The uninsured program was administered by the Health Resources and Services Administration, an agency of HHS. Medical providers seeing uninsured people could submit their bills for reimbursement. Over the past two years, more than 50,000 hospitals, clinics and medical practices have received payments. Officials say they can reactivate the program if Congress frees up more money.

The Medicaid coverage option began under the Trump administration as a way to help states pay to test uninsured people. President Joe Biden’s coronavirus relief bill also extended it to treatment and vaccine costs. It’s like a limited insurance policy for COVID. Coverage cannot be used for other services, such as knee replacement surgery. The federal government pays 100% of the cost.

Fifteen states, from the deep blue of California to the bright red of South Carolina, have taken advantage of this option, along with three US territories. It will end once the federal coronavirus public health emergency is over, currently scheduled for later this year.

New Hampshire Medicaid Director Henry Lipman said the coverage option allows his state to enroll about 9,500 people for COVID care that includes the new antiviral drugs that can be taken at home.

“It’s really the safety net for people who don’t have access to insurance,” Lipman said. “It’s a limited situation, but in the pandemic it’s a good backup to have. It makes a lot of sense with such a communicable disease.

With COVID cases now at relatively low levels, demand for testing, treatment and vaccinations is down. But the urgency felt by hospitals and other medical service providers is driven by their own results.

In Missouri, Golden Valley Memorial Healthcare CEO Craig Thompson worries that federal funding is evaporating just as operating costs are soaring. Staff won raises, drug costs increased by 20% and supply costs by 12%.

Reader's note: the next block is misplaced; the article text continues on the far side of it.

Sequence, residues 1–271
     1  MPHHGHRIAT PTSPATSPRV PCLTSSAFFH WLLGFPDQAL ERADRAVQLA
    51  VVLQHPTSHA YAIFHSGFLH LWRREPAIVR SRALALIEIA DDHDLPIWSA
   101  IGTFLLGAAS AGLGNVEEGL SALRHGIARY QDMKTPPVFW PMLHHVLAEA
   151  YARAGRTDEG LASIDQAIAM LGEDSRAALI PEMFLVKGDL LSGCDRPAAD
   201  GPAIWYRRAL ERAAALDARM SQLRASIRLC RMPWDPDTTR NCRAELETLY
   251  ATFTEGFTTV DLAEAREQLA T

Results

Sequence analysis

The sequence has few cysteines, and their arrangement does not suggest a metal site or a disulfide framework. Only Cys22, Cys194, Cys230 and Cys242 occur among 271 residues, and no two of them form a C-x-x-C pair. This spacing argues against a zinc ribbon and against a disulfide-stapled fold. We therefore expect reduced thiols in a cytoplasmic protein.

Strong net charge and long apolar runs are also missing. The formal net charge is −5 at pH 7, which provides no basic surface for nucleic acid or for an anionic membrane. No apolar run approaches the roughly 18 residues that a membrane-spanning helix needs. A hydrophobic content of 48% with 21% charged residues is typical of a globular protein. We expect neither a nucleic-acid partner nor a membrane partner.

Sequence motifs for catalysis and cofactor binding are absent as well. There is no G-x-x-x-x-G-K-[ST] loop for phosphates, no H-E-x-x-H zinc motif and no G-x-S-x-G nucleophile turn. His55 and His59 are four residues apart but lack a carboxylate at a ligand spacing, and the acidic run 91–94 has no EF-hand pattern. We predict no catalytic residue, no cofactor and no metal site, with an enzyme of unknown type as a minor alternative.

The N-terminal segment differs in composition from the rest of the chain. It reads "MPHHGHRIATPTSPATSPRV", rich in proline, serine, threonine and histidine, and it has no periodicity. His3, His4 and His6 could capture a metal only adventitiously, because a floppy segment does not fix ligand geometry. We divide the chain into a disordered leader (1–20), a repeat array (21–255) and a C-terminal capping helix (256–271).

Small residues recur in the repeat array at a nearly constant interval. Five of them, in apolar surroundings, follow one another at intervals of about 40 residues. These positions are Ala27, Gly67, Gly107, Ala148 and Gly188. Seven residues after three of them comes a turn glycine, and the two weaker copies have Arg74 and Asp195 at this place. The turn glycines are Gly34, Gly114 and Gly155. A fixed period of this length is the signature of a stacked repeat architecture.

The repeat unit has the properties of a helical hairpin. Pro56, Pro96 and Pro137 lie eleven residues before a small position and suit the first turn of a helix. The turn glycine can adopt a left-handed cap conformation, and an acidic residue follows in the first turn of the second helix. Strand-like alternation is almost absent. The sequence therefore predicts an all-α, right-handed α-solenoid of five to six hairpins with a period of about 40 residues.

“We’ve now come out of this pandemic…into probably the highest inflationary environment I’ve seen in my career,” Thompson said. The health system serves a predominantly rural area between Kansas City and Springfield.

In Kentucky, Louisville Family Health Centers shut down a testing service for uninsured people after federal funds ran out. The private company they were working with planned to charge $65 per test.

Things are manageable now because there’s little demand, spokeswoman Melissa Mather said, “but if we get hit with another omicron, it’s going to be very tough.”

Floridian Debra McCoskey-Reisert is uninsured and lost her older brother to COVID-19 during the first wave two years ago. During one of their last conversations, he made her promise that she would not catch the virus.

McCoskey-Reisert, who lives north of Tampa, has managed to avoid getting sick so far. But she is overshadowed by fear of what might happen if she or her husband were infected.

“If one of us gets sick with COVID, we have no way to pay for it,” she said. “It would probably put us out of business if we couldn’t find other help.”

The withdrawal of the uninsured reflects some of the biggest problems in the US health care system, said Chicago Hospital physician Loafman.

“Quite frankly, as a society, we care for people who are uninsured for COVID because it affects us,” he said. “You know, a gated community doesn’t keep a virus out…that’s kind of the sad truth is that our selflessness on this was really motivated.”